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Onsite Search Engine Optimization

Onsite search engine optimization refers to all the elements on your site that can be optimized for the search engines using nothing more than Search Engine Friendly Website Design. This includes:

Main keyword list

* You need to create and prioritize your keywords – this list will then be used in the below.

Meta titles

* Main keywords and related terms relevant to the copy and theme of the page in questions.

Meta descriptions

* The same process as the title tag – repeat main keywords and craft it for your customers as it’s going to be what’s shown in the SERPs and greatly impacts your click through rates.


* Make sure you’re continually adding and improving content on your site. Be the expert in your industry. Provide rating and reviews, video, specifications and anything else you can think of.
* There’s no such thing as too much content – just keep it organized so search engines and users can actually find it.

Internal linking structure

* Search engines often ignore navigation links as they are repeated on every page of the site – so make sure that you’re linking to other pages of your site from within your cleverly crafted content.
* And use keyword anchor text for these links – don’t use click here or other generic terms as they don’t help.

H1, H2 Usage

* Old school, but still has a place in helping search engines determine the theme of the page in question. Headers should contain keywords of course.

Directory/Navigation structure

* This is always easier to address when you’re building the site as opposed to coming in after the site’s been running for several years. None the less, it’s one of the most important onsite issues you’ll need to deal with.
* Here are a couple examples of bad directory structures:
* This was browsing through to their electronics section, and looking at clocks. Not that you’ve ever be able to tell that from this ugly looking URL:


* This is how I’d have their IT re-write this URL:


o Wow, what a difference – the user knows where they are and Google would too.

* This URL, while short, gives no insight as to what product or category we’re dealing with. It’s for dinnerware, solid colors.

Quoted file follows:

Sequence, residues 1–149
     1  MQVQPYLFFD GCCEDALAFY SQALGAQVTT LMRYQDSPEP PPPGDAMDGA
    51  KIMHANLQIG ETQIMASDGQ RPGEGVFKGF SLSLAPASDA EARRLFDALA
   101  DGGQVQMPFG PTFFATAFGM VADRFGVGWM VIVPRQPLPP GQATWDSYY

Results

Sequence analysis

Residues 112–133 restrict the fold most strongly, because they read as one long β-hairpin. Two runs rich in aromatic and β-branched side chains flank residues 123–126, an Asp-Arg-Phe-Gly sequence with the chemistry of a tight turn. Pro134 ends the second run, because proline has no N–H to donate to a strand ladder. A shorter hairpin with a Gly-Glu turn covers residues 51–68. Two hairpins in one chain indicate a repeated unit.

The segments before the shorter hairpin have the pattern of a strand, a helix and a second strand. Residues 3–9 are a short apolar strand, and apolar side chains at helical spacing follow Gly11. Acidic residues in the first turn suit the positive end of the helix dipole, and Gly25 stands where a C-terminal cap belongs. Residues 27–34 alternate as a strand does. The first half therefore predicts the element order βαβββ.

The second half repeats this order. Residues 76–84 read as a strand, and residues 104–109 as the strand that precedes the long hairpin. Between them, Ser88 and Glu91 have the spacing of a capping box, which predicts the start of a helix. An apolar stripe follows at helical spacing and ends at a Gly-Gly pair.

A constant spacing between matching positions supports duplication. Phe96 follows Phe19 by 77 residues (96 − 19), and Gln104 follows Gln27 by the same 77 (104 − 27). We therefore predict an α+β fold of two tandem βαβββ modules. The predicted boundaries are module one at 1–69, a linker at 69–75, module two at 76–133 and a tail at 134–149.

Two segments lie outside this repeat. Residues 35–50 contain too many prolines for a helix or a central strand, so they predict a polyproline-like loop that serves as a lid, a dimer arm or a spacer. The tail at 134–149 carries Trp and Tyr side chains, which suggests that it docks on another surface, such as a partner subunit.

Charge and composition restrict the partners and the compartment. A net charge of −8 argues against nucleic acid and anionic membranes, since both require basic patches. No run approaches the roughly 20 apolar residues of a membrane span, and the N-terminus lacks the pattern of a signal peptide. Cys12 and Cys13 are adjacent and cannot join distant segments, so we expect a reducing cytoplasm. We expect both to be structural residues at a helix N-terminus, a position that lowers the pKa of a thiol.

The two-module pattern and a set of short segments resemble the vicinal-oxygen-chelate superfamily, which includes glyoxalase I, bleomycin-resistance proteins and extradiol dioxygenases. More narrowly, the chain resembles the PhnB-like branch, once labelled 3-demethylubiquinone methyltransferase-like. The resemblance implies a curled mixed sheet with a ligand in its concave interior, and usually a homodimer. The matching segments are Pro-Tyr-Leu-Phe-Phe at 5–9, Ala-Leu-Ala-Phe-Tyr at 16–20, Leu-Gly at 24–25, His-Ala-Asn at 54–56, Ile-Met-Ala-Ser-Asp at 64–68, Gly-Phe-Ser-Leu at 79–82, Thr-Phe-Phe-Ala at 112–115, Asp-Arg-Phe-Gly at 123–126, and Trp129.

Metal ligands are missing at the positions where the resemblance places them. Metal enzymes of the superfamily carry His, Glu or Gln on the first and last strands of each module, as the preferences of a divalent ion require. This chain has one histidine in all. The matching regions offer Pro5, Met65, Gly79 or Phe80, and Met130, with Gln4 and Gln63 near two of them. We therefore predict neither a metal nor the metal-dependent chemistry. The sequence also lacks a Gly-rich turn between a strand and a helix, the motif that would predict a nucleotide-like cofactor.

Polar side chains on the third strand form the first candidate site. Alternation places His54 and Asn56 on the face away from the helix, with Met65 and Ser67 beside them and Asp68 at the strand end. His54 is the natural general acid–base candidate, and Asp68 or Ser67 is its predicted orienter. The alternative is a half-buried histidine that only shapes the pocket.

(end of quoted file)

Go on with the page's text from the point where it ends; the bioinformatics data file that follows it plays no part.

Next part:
* Here’s how it should look:


* Our last example is from the juggernaut This was browsing through to DSLR Cameras. While they’ve at least got the first part of the URL right – they’ve added a massive string of tracking parameters that makes it a mess. They also left out the most important keyword – DSLR.


* Here’s our version:


File naming conventions

* This goes hand in hand with Directory/Navigation structures. Name your pages using keywords, not numbers or some other completely unrelated convention. It’s going to help the search engines figure out what your page is about, and it helps users too.

Domain name

* While not always an option for brand name companies to change, if you do have the flexibility to integrate a main keyword into your domain name, do it. If not, you can address this by crafting a smart directory structure that incorporates keywords.

Multiple language handling

* The old EN/FR issue always seems to cause headaches. Short of the amount of resources it can require, I’m not sure why, as it’s not rocket science.
* Here’s a couple common examples of how sites deal with EN and FR content:
* EN:
* FR:
* So far this makes sense…until you go one click deeper that is. Then what you get is an English site translated to French.
* Just about every FR site I’ve ever seen is translated, as opposed to being written for the intended audience. Some don’t even take the time to translate the URL, so they’ll change the language parameter but leave the product/category in English – that’s just lazy. J
* Another area to watch for is if you’re using a content management solution. Be sure to check your code with a Googlebot crawl tester – I’ve seen many sites that are showing FR tags on the EN version, and vice versa. It’s important that you verify the code when using dynamic content management software as they are normally built with very little thought into SEO.

Sitemap Page

* This one’s a no-brainer. If your site has over 20 pages, make sure you always have a sitemap page listed predominantly in your main navigation. This page helps search engines crawl and index all your pages.

XML Sitemaps

* This is debatable if XML sitemaps actually do anything for rankings. First off, if your website is built and optimized properly Google shouldn’t have any trouble crawling and finding all your content, however for sites with fast and frequent changes to pages it can help Google stay on top of what’s what.
* Automate the creation and sharing with search engines so it doesn’t require manual intervention, other then periodic testing and verification.

These items are where your onsite Search Engine Optimization process should begin. Why? Because it won’t matter if you have a million links if you’ve got fundamental site problems. You need to make sure your basic site functionality works first.

Make sure your site functions and include all the SEO best practices. When in doubt use The SEO Checklist.

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